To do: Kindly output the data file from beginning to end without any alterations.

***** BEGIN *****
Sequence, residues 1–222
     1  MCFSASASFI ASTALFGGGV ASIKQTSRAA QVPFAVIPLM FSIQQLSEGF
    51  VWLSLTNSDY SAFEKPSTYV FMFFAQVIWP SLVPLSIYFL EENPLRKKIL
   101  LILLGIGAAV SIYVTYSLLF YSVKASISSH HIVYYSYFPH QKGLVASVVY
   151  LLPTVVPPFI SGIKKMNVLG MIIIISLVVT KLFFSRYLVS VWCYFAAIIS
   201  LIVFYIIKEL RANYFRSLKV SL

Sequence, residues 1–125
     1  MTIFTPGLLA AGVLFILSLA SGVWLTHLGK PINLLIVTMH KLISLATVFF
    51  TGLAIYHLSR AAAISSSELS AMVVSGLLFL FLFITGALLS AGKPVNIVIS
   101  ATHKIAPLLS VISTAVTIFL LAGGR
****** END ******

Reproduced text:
Sequence, residues 1–222
     1  MCFSASASFI ASTALFGGGV ASIKQTSRAA QVPFAVIPLM FSIQQLSEGF
    51  VWLSLTNSDY SAFEKPSTYV FMFFAQVIWP SLVPLSIYFL EENPLRKKIL
   101  LILLGIGAAV SIYVTYSLLF YSVKASISSH HIVYYSYFPH QKGLVASVVY
   151  LLPTVVPPFI SGIKKMNVLG MIIIISLVVT KLFFSRYLVS VWCYFAAIIS
   201  LIVFYIIKEL RANYFRSLKV SL

Sequence, residues 1–125
     1  MTIFTPGLLA AGVLFILSLA SGVWLTHLGK PINLLIVTMH KLISLATVFF
    51  TGLAIYHLSR AAAISSSELS AMVVSGLLFL FLFITGALLS AGKPVNIVIS
   101  ATHKIAPLLS VISTAVTIFL LAGGR